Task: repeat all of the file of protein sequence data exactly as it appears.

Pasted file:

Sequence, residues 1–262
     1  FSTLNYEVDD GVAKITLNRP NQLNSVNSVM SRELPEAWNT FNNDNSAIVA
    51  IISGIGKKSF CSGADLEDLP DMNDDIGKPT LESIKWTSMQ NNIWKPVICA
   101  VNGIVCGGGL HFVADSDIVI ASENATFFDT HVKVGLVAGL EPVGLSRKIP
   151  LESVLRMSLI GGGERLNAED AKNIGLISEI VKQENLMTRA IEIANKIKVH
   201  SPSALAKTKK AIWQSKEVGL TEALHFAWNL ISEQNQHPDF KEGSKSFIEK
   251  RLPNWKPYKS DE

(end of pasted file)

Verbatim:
Sequence, residues 1–262
     1  FSTLNYEVDD GVAKITLNRP NQLNSVNSVM SRELPEAWNT FNNDNSAIVA
    51  IISGIGKKSF CSGADLEDLP DMNDDIGKPT LESIKWTSMQ NNIWKPVICA
   101  VNGIVCGGGL HFVADSDIVI ASENATFFDT HVKVGLVAGL EPVGLSRKIP
   151  LESVLRMSLI GGGERLNAED AKNIGLISEI VKQENLMTRA IEIANKIKVH
   201  SPSALAKTKK AIWQSKEVGL TEALHFAWNL ISEQNQHPDF KEGSKSFIEK
   251  RLPNWKPYKS DE